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Altair Semiconductor raises $25M for cheap, efficient LTE chipsets

One of Altair Semi's mobile chipsets.

Above: One of Altair Semi's mobile chipsets.

Image Credit: Altair Semiconductor

It won’t be too long until 4G LTE networks are just as ubiquitous as 3G, and at that point devices won’t even need 3G.

That’s a future Israel-based Altair Semiconductor is betting on. Its LTE-only chipsets don’t have the added expense of 3G connectivity, which means they’re both cheaper and more power efficient than competing LTE + 3G chipsets from Qualcomm.

Investors are also keen on Altair’s vision: The company announced today that it has raised $25 million in an internal round of funding, bringing its total funds to more than $100 million. Existing investors Bessemer, BRM, Giza, Pacific Technology, and JVP participated in the round.

“Our strategy is to develop LTE chipset solutions, but the [ultimate] vision is to create that inflection point in getting LTE into pretty much any and every device,” Eran Eshed, co-founder of Altair Semiconductor, told VentureBeat in an interview. “LTE has to hit a certain price point.”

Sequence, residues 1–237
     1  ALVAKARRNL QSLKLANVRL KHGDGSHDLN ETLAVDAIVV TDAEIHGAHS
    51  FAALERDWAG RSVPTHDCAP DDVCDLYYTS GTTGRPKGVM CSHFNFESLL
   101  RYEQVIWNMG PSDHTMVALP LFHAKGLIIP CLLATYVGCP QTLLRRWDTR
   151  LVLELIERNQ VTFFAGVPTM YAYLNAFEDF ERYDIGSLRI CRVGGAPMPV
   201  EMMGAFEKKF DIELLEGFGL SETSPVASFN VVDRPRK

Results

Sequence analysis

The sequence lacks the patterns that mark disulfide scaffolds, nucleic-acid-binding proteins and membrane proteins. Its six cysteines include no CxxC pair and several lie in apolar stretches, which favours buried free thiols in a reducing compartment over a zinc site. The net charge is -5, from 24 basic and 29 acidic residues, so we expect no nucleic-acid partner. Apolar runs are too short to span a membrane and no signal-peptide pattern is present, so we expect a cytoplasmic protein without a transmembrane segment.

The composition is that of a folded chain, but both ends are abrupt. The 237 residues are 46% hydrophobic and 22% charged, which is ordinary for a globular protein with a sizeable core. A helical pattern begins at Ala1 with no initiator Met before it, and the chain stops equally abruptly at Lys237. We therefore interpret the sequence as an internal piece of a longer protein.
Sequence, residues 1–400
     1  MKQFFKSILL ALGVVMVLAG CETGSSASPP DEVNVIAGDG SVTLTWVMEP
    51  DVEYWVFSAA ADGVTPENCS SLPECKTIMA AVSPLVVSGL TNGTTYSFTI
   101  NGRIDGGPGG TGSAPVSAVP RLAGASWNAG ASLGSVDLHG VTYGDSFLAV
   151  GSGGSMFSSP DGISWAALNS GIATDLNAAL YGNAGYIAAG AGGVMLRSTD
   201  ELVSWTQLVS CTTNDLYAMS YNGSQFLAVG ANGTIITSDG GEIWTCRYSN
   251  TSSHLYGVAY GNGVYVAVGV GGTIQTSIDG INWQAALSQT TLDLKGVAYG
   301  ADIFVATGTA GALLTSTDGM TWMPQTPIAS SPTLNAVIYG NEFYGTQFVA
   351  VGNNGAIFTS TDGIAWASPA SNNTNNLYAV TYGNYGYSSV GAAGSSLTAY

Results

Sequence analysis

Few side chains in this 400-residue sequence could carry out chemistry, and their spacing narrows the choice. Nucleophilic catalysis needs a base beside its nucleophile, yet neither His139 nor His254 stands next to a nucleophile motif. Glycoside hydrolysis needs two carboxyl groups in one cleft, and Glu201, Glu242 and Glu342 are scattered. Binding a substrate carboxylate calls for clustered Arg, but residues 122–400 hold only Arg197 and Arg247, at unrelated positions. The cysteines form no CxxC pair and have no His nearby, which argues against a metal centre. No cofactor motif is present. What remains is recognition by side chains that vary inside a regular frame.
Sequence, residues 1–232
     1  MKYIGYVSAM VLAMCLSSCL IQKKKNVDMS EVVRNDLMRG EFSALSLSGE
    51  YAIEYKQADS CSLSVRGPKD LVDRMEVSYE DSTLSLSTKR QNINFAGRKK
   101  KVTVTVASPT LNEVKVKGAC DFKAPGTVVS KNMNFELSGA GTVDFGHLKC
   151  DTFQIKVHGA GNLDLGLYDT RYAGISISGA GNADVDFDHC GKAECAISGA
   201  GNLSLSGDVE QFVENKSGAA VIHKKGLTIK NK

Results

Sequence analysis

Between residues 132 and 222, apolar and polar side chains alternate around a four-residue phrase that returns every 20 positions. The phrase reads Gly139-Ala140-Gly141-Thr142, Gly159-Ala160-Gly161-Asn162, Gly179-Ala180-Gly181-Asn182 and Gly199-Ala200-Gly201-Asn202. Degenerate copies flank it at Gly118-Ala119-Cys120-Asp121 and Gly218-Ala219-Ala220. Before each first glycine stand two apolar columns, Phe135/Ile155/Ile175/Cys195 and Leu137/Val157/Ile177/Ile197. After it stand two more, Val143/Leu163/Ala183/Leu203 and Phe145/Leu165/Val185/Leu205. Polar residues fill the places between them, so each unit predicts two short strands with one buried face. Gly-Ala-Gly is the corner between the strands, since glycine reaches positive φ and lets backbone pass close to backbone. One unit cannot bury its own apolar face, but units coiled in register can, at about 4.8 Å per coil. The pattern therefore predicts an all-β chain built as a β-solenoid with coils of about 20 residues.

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Eshed points out that the company is focusing more on connected devices than on bringing its technology into smartphones. (The smartphone market is also dominated by much bigger players, while the connected device market is wide open.) Altair’s technology is smaller than LTE chipsets that include 3G, which makes it well-suited to devices of all sizes, from small wireless hotspots to laptops. So far, its tech has been implemented in more than 100 devices.

Altair initially started off by focusing on WiMax 4G technology, but Eshed notes that it was one of the first companies to abandon WiMax. It switched focus to LTE in the middle of 2009 — right before Verizon began rolling out its LTE network.

When it comes to making LTE more widespread in devices, Eshed tells me we’ll need four things: ubiquitous LTE coverage (of course); attractive service providers; enough value to encourage consumers to pay more; and the cost of implementation has to be inexpensive. In the U.S., we’ve got the first three items mostly covered, but it’s still fairly expensive for device manufacturers to include LTE. Altair’s chips may change that.

Altair Semiconductor will use the new funding to grow its operations and capitalize on its market lead, Eshed says. The company has been focusing on research and development for most of its lifetime — now it needs to scale so its LTE-only solution will be ready for an LTE-saturated market.